Heisenbug is just a name: Red Hat’s Robyn Bergeron tells Sean Michael Kerner about the new Fedora’s SDN and storage improvements
The Red Hat-sponsored Fedora Linux community distribution has released a beta of its next-generation Fedora 20 release, code-named the Heisenbug. Ironically, the name “Heisenbug” refers to a type of computer bug that is difficult to detect or fix — a type of flaw no programmer ever wants to have.
Fedora project leader Robyn Bergeron (below) told eWEEK that the Fedora project isn’t worried about the appearance of a Heisenbug in the upcoming release.
Heisenbug is just a name
“The truth is, we’re not doing anything drastically different; we have a fabulous QA team that really sticks to our release criteria, particularly when a ‘Heisenbug’ situation occurs around things deemed to be possibly release-blocking,” Bergeron said. “We have dedicated folks who work to reproduce, or help the reporter to reproduce or clarify their bug report.”
Those dedicated QA people have helped find a few flaws so far, including ones that pushed back the original release date of the beta release. Fedora 20 was originally scheduled to debut a week ago.
“We always strive to ship on time, and it’s always a bummer when we can’t,” Bergeron said. “But we’d rather ship quality; even delayed, that’s better than getting it out the door for the sake of getting it out the door, if it’s riddled with issues.”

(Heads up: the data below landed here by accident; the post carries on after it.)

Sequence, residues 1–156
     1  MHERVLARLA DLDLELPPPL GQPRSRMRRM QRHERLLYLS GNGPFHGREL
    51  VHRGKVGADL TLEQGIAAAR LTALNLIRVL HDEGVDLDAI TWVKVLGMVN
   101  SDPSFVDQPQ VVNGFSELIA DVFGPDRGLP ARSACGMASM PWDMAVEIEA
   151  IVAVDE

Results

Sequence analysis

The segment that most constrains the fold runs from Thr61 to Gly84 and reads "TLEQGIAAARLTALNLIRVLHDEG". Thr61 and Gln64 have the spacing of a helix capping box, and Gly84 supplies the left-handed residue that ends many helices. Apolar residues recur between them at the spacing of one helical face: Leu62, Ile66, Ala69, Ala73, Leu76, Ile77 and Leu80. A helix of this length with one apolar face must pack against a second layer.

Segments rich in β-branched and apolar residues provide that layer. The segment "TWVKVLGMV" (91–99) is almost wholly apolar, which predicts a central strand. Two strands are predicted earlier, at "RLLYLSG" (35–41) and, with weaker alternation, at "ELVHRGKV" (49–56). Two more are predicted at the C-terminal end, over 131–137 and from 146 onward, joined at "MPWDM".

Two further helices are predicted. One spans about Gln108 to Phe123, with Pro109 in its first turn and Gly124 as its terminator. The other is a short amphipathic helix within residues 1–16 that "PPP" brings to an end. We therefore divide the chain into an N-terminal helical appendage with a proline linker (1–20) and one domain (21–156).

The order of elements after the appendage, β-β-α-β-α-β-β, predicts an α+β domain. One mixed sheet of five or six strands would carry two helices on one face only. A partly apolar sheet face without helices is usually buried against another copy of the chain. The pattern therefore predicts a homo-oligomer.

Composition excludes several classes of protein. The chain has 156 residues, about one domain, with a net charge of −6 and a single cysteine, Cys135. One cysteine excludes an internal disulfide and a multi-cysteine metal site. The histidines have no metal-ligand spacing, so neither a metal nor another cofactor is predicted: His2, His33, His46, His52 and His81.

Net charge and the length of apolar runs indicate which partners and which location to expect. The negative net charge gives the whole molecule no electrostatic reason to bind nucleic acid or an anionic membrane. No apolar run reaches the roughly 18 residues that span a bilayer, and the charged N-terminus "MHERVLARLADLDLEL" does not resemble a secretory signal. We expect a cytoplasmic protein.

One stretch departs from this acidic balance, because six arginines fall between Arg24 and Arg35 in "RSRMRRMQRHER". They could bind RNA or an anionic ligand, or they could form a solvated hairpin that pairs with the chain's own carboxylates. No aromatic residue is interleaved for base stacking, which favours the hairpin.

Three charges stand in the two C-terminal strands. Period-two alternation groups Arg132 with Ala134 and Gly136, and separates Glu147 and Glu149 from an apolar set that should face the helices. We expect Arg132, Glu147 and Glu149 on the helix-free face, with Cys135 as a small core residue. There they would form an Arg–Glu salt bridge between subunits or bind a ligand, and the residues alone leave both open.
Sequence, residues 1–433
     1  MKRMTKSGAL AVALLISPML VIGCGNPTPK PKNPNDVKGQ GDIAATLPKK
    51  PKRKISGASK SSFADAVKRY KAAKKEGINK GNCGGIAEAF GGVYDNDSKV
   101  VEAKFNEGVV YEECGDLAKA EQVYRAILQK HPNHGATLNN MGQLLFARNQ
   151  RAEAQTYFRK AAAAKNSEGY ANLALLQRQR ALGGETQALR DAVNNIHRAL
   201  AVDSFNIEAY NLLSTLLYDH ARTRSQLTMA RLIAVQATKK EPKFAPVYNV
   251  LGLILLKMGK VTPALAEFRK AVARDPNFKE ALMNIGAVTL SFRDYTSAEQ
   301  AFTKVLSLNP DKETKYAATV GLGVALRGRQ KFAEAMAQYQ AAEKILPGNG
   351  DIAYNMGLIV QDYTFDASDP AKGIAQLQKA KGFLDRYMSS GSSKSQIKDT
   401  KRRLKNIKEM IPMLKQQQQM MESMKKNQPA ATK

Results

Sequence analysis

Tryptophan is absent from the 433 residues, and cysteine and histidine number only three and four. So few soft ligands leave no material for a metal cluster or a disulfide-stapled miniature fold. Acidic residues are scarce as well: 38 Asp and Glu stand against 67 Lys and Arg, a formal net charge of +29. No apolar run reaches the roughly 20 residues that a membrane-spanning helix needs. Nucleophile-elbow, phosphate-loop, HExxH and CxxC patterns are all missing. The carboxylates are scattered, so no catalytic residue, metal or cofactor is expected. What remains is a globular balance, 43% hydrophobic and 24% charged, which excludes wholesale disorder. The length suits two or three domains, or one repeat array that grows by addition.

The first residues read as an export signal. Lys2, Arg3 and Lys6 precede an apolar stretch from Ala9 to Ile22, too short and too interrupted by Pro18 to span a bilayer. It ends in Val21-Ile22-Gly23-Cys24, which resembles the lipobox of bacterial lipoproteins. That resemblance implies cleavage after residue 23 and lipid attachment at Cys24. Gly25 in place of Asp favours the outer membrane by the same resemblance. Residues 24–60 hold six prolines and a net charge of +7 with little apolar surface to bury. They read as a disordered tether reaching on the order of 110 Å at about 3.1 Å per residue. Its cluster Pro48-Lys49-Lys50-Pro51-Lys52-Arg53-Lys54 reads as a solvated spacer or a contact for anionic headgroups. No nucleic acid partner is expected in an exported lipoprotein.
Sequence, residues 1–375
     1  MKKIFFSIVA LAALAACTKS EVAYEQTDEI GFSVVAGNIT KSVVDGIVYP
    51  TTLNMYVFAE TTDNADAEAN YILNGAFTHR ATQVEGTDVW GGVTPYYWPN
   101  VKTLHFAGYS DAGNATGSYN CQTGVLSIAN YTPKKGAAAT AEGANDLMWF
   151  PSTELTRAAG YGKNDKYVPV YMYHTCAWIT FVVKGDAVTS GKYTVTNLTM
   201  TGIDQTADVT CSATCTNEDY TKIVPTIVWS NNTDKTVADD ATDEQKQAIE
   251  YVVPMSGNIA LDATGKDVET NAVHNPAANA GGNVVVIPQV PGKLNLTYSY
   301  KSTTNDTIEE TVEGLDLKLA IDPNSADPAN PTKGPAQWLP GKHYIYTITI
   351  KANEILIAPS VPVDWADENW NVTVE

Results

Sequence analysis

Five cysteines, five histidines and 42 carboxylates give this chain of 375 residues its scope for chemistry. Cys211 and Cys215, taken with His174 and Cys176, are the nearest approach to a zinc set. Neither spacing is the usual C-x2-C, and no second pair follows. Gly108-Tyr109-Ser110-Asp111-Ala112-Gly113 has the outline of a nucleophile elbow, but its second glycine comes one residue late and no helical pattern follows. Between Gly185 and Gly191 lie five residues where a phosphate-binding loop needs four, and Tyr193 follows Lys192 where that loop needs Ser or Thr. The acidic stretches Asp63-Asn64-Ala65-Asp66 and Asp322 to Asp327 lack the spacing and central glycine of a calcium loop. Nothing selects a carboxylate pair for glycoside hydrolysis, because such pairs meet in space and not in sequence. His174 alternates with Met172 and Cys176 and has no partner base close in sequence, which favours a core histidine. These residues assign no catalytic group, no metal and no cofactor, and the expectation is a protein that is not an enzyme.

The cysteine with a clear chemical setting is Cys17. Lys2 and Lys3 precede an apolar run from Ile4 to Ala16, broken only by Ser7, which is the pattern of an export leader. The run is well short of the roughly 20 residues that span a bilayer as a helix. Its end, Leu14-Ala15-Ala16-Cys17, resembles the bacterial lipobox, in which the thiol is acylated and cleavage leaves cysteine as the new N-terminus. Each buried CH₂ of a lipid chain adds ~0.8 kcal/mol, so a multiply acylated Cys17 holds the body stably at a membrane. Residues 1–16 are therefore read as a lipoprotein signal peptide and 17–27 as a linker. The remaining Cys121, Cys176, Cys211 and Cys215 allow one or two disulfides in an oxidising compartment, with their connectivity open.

The Fedora 20 beta includes an improved Network Manager that can help enable a software-defined networking (SDN) environment. The Fedora 20 release includes the Linux 3.11.x kernel that supports the Open vSwitch (OVS) virtual switch, which is a critical part of modern SDN deployments.
“We’ve had support for OVS for a release or two now; this enables Neutron [formerly Quantum] from OpenStack,” Bergeron said. OpenStack Neutron is the networking module within the open-source OpenStack cloud platform.
The expanded Network Manager and OVS support in Fedora 20 should complement other new features in Fedora 20, such as Ryu, which essentially implements an OpenFlow controller, Bergeron said.
OpenFlow is an SDN protocol for managing network traffic patterns with the use of controller technology.
Fedora 20 also includes a new logical volume manager (LVM) thin-provisioning capability. LVM is a widely used tool in Linux for logical storage management. Bergeron explained that the new thin provisioning capability allows for more efficient, better performing and easier-to-administer storage snapshots in terms of a shared backing storage pool.
“This can be very useful in creating cloud image storage systems or creating snapshot/rollback infrastructure,” Bergeron explained.
The beta period is expected to last nearly another month, as the current plan for Fedora 20 is to become generally available Dec. 10.
Sean Michael Kerner is a senior editor at eWEEK and InternetNews.com. Follow him on Twitter @TechJournalist.
Originally published on eWeek.